Mixology Monday XXXVII: The First Time


mxmologoThis month’s Mixology Monday, hosted by the fabulous broads at LUPEC Boston, asks a question that is of genuine importance: Given someone who has never had a cocktail before (tragic, I know), what would you offer them as their first? You never get a second chance at a first impression, after all.

Let me guess.
You suggest a Pegu!

No. No I don’t, Ms. Smarty-Pants. And for all you who know me and were waiting for me to suggest the One True Cocktail, don’t be silly. For the gin-virgin cocktail drinker, I absolutely suggest the Pegu as a perfect gateway, but that’s another question.
What’s at stake here? You don’t want to offer something so bland or sweet as to leave them with the impression that cocktails are just another form of Mike’s Hard Lemonade, one you have to mix yourself. You want to give them an idea of the depth and sophistication there is to be had in the cocktail world, thus we’ll discard such offerings as White Russians or Strawberry Daiquiris.
On the other hand, let’s be honest. A lot of the favorite drinks we love around here in the cocktailosphere are a bit… sophisticated for a first time drinker. Just as you wouldn’t take someone to King Lear for their first play, you aren’t going to want to spring a Corpse Reviver #2, a Negroni, an Aviation, or even a Pegu on a neophyte.
Let’s answer three basic questions about what our entry level drug should be like.
I’ll start with the base spirit. I’d stay away from gin or whatever variety of whisk(e)y. These may be the kings of booze, providing the most depth and interest, but they have strong flavors what are all, to one extent or another, acquired tastes. Likewise, I’d avoid any specialty liquors, such as tequila, pisco, cachaça, ouzo, etc. That leaves us with vodka and rum. In fact, the case could be made that the best of all possible introductory cocktails would be either a well-made Cuba Libré, or a similarly executed Screwdriver. But either of those would would be too easy for for a MxMo post, and besides, I’d want someone’s first cocktail to be served in a cocktail glass, not a highball. I’m going to go with vodka because it has the fewest negative connotations (to the non-connoisseur), and because it is the blankest of slates.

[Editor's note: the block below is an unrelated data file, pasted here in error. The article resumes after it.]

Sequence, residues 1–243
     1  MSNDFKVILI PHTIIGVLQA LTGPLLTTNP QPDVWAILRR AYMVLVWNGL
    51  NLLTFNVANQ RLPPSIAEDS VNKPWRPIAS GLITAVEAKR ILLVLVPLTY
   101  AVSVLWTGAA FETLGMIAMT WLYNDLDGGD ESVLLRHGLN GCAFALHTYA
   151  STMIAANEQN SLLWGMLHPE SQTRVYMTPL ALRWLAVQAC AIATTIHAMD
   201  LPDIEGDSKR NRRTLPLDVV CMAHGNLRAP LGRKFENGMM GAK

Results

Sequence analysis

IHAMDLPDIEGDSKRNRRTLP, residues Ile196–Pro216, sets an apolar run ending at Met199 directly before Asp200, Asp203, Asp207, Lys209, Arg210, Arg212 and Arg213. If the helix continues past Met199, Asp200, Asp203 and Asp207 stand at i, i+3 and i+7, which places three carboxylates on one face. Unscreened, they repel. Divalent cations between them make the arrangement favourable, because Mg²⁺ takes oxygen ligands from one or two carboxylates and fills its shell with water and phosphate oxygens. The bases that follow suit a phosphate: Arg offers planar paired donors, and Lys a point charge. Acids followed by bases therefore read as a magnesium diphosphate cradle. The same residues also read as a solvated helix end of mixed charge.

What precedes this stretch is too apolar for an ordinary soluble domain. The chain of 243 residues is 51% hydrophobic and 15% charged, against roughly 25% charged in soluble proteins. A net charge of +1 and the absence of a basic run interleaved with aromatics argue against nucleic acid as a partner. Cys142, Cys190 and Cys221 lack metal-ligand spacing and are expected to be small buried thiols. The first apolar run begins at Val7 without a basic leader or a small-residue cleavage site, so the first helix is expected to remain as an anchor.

The next thing is the personality of the drink. Attitude is the core of cocktails and the cocktail mindset, folks. A first cocktail should be evocative for the drinker. It should be publicly cool, and secretly a little silly. Most of all, the neophyte needs a decent chance of having always wanted one of those. So my advice is to go with a well-known, iconic drink. This eliminates otherwise excellent possibilities like the Moscow Mule.
Lastly, is our hypothetical drinker a man or a woman? This last is obviously not about the drink, but the drinker. And yes, it lets me cheat LUPEC’s question by offering two answers. Sue me. It also gives me a chance to get on my old, familiar hobby horse about Broads versus Chicks. The differences are myriad, but for this post, I’ll focus on broads as women who are more robust in their tastes. A chick given a binary choice will always hew to the option perceived as more feminine. A broad will choose based on her personal taste. There is a similar dichotomy with men, but for once it’s more complex than for women. It’s also less likely to come into play here so I’ll save you the time right now.